Decline in manual skills raises concerns for future work force

An expert says youths play on computers, don’t tinker on machines.

Daryl Curnutte, manager of Sinclair Community College’s Step II tool and die program, has seen a decline in the hand skills of his younger students. “I have a lot of kids who come in these days that have a real hard time with simple tasks like tightening and loosening bolts or nuts,” he said.

Curnutte attributed the decline to young people not “tinkering” on cars or appliances like past generations. “They are playing Xbox and Facebook and things like that,” he said.

Jane Black, executive director of the Dayton Visual Arts Center, has seen a diminished emphasis on hand skills in areas such as drawing and woodworking.

“Our world moves so fast. To take the time to actually sit and draw something, I just don’t see people doing it,” she said.

A 2010 study by the Kaiser Family Foundation found that children ages 8 to 18 devote an average of more than 53 hours a week to entertainment media such as watching television, playing video games or using the computer. The amount of time spent with media has increased by one hour and 17 minutes a day over the past five years, the report said.

Time spent doing hands-on activities has dropped sharply in recent years. Nearly 30 percent of teens spend zero hours per week working with their hands on projects such as woodworking or building models, according to a 2009 poll by the Foundation of the Fabricators & Manufacturer’s Association, International.

Experts said the declining number of young people who are capable of working with their hands could create a shortage of skilled workers to replace an aging workforce in the U.S. manufacturing industry.

Some 2.7 million manufacturing employees are age 55 or older and likely to leave the labor force over the next 10 years, according to the National Association of Manufacturers.

Many well-paying, high-skilled jobs are currently going unfilled in the region’s aerospace and medical manufacturing industries, Curnutte said.

“To keep those industries going we’ve got to bring in young people, and they have got to be up and ready for that particular industry,” said John Boggess, superintendent of the Miami Valley Career Technology Center.

Most MVCTC students arrive with a particular interest and some basic skill set that the school helps to develop, Boggess said.

“Producing a quality welder that we have done for 40 years is different today than maybe 10, 15 years ago,” Boggess said. “That young man or woman has to have not only traditional welding skills, today they have to have an academic foundation.”

Industrial arts classes that focus on teaching young people hand skills have been eliminated by many public school districts because of budget cuts, liability issues and space constraints.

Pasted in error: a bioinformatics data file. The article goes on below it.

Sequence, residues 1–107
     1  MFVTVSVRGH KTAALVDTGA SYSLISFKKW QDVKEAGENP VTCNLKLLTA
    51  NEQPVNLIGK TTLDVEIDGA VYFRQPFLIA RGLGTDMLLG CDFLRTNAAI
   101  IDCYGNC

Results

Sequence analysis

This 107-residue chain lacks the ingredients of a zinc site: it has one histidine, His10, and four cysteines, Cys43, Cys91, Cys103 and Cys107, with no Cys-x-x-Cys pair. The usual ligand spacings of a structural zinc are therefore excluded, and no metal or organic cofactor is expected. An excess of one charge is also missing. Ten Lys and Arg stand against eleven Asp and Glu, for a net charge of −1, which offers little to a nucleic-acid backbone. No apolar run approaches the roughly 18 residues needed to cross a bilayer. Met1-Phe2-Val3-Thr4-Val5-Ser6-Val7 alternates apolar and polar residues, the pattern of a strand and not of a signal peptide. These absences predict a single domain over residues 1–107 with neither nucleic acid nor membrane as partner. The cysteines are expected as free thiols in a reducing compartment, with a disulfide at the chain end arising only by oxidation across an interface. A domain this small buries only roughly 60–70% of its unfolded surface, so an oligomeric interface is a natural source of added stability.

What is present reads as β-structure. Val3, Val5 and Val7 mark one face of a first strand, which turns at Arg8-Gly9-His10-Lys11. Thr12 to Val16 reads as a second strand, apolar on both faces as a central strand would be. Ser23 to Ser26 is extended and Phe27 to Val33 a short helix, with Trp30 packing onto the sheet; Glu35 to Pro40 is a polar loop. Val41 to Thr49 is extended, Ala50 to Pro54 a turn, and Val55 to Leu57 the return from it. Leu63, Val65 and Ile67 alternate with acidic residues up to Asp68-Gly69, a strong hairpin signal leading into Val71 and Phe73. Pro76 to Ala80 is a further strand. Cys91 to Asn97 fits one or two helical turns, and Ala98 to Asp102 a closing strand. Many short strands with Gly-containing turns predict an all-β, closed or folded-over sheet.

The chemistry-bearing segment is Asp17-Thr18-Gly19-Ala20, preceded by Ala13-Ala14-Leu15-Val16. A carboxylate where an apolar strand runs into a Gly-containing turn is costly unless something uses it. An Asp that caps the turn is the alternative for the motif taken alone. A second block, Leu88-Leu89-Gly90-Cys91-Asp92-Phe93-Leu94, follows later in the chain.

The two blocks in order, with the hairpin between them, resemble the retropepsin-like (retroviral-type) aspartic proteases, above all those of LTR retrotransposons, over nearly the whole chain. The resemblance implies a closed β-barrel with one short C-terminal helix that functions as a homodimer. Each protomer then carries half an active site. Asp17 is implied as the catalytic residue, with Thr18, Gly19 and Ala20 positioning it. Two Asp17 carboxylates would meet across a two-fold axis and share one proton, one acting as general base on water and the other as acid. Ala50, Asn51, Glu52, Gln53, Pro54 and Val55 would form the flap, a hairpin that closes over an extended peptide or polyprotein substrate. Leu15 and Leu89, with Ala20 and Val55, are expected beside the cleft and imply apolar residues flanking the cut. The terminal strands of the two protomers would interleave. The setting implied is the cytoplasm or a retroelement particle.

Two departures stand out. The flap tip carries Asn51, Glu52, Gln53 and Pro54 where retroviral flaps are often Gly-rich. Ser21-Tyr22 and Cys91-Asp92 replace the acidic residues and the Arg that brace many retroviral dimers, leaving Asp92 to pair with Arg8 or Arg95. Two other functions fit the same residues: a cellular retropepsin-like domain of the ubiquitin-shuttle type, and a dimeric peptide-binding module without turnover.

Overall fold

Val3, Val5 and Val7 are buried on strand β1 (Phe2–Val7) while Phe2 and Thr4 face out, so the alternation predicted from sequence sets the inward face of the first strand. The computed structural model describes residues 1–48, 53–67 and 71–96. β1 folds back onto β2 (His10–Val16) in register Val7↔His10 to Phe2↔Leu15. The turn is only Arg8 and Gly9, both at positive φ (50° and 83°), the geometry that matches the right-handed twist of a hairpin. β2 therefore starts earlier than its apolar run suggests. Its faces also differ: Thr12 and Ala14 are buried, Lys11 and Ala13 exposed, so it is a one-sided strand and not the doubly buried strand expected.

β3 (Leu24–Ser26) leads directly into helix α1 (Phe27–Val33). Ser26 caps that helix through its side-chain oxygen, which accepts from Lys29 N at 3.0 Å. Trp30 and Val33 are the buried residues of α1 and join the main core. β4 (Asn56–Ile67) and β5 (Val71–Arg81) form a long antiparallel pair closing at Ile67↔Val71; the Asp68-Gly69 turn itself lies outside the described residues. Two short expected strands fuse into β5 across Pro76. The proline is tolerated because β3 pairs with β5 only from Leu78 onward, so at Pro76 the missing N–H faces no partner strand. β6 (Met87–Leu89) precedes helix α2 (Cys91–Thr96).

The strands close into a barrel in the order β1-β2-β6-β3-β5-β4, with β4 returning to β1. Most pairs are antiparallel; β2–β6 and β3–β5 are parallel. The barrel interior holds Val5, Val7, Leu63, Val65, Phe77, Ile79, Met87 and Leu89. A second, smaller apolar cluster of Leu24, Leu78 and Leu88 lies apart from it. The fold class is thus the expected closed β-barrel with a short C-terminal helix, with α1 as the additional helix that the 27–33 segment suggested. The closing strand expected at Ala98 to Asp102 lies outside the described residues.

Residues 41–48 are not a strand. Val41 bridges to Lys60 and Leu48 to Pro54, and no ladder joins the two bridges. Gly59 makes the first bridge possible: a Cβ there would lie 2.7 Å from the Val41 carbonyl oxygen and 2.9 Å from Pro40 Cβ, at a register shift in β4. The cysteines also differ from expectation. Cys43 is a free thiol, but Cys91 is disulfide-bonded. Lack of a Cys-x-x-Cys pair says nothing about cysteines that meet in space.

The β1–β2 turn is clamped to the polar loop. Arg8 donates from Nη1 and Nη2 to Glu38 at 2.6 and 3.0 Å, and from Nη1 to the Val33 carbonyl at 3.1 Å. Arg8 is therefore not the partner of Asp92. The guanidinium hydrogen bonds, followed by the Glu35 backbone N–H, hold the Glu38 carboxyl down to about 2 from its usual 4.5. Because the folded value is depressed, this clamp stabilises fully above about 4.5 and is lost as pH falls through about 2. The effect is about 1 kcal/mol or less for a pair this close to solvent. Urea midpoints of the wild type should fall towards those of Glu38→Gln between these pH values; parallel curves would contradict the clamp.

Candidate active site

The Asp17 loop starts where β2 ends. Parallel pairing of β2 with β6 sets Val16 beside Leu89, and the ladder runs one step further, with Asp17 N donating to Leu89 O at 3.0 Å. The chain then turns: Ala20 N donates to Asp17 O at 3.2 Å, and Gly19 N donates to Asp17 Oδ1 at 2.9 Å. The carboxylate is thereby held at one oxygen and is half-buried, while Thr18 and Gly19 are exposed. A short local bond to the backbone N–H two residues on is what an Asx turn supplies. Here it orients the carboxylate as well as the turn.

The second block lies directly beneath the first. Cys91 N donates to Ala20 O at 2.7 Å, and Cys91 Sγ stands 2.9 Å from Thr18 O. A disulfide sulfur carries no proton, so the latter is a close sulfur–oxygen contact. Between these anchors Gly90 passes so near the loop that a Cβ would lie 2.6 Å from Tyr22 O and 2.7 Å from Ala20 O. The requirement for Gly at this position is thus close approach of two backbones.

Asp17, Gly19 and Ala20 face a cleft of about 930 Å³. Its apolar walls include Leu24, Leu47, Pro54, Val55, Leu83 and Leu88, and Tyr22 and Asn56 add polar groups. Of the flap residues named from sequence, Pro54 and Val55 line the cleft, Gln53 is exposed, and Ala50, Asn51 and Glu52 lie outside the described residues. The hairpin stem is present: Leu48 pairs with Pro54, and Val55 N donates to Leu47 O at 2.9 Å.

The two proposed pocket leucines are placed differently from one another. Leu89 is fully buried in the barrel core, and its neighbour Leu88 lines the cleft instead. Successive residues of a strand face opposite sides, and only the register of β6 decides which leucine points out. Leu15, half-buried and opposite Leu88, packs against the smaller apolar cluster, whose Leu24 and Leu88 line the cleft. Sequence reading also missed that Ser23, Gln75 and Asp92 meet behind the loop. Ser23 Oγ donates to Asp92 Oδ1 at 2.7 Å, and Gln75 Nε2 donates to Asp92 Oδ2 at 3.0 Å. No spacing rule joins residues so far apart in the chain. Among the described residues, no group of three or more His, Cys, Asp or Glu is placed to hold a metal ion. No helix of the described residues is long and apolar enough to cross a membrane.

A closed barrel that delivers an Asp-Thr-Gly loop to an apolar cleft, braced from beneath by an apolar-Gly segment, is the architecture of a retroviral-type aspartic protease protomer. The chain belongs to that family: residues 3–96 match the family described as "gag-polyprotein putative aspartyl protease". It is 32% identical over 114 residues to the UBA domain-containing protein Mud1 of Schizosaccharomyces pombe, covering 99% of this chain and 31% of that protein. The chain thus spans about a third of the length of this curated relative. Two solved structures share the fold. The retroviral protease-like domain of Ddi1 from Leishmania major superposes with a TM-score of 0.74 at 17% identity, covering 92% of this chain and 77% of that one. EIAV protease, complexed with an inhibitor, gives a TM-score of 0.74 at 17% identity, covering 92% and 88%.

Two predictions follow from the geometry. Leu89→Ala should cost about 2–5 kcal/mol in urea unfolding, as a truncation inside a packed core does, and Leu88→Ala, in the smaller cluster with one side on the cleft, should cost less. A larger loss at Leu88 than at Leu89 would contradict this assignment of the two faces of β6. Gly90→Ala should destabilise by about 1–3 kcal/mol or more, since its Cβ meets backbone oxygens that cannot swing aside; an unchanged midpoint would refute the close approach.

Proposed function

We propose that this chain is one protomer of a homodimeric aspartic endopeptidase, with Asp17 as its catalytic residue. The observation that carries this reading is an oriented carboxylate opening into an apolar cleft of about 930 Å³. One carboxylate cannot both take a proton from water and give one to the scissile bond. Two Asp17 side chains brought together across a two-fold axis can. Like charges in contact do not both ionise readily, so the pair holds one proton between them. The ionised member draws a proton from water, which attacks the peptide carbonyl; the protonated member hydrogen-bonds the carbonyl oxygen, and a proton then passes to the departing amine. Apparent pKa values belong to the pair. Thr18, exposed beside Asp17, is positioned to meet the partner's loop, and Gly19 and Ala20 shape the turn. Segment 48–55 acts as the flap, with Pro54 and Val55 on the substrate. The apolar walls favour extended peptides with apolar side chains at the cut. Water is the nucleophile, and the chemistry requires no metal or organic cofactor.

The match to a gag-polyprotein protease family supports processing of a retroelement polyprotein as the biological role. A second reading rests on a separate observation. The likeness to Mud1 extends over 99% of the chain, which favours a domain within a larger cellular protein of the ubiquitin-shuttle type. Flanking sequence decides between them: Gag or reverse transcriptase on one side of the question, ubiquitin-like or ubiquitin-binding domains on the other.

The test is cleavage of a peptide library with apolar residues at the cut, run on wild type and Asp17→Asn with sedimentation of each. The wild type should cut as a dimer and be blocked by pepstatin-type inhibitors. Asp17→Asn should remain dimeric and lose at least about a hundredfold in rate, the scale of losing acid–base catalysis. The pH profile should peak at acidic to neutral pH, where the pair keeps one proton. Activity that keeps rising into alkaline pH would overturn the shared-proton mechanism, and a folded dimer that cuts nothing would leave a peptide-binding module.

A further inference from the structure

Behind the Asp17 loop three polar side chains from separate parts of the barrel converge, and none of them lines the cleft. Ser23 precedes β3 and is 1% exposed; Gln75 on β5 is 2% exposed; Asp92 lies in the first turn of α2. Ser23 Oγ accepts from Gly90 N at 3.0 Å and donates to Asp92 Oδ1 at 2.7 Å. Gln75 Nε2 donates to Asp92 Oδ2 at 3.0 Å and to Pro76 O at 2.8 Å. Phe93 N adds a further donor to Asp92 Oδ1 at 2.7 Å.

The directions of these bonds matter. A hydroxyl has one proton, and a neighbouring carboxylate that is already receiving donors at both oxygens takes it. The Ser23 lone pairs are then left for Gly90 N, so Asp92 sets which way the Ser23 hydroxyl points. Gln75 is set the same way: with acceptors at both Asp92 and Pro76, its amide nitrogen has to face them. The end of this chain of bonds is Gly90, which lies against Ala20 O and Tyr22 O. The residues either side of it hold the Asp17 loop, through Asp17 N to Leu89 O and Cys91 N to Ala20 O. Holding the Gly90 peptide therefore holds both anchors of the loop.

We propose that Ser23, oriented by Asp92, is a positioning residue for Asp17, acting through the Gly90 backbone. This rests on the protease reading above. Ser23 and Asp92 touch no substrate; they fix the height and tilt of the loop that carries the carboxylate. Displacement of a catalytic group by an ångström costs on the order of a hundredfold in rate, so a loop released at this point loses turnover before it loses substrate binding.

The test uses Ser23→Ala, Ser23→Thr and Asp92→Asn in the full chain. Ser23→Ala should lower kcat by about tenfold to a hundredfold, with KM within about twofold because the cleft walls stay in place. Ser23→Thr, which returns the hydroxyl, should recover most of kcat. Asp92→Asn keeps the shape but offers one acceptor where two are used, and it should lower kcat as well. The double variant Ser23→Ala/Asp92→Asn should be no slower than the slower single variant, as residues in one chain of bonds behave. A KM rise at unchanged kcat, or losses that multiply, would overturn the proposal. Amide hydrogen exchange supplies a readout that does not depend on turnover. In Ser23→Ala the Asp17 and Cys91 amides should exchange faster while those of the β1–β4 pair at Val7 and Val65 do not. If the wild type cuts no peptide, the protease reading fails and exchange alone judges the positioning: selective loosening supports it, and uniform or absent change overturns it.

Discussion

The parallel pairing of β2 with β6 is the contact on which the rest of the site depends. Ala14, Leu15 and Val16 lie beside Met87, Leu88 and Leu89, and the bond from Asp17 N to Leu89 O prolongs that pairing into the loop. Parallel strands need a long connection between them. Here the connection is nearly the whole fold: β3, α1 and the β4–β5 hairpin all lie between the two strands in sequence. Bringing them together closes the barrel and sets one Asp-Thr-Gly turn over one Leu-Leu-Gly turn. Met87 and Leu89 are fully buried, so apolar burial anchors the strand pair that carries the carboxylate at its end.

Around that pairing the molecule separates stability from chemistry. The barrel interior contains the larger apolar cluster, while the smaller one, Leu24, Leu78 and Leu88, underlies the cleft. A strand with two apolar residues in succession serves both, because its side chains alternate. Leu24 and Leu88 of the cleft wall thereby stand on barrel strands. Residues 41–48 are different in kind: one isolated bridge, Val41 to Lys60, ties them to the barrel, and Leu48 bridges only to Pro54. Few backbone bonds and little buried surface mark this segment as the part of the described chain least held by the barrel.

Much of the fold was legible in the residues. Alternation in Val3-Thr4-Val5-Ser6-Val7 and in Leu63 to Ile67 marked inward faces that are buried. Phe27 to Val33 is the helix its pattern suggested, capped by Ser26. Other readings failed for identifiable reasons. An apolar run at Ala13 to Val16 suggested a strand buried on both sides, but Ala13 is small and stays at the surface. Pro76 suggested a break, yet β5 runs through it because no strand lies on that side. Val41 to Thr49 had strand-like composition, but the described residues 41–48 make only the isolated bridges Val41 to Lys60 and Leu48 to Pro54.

Studebaker Middle School in Huber Heights replaced its industrial arts program with computer technology classes to prepare students for 21st-century jobs that require computer literacy, said Tom Heid, the school’s principal. “We eliminated industrial arts not because we wanted to, but because we only had so much money,” he said.

The K12 Gallery for Young People in Dayton provides hands-on visual arts training for 24,000 children annually, both on site and in area schools, said Jerri Stanard, founder and executive director.

“I don’t know that I see that they are coming here with less skills, but our entire process is about creating those skills,” Stanard said. Classes teach hand-eye coordination and creative thinking skills, she said.

Stanard said she has seen her own 9-year-old son and his friends devoting more time to playing video games. As a result, she launched a “gamer’s camp” this month at K12 Gallery.

“Kids can bring their devices. They learn about different illustration components, storyboarding and how those games are visually developed,” Standard said. Video game design is a “vital career field,” she said.

Sinclair’s Step II students often require remediation for basic mechanical skills, Curnutte said. However, they are benefiting from their advanced computer and keyboarding skills, which are becoming increasingly important in high-tech manufacturing, he said.

Many machines and operations are now computer controlled, but a foundation in manual machining is still required to understand how those machines work.

“In today’s environment you not only have to be good with your brain, it helps to be good with your hands,” Curnutte said. “Having those skills is definitely an advantage.”

Contact this reporter at (937) 225-2419 or dlarsen@DaytonDailyNews.com.

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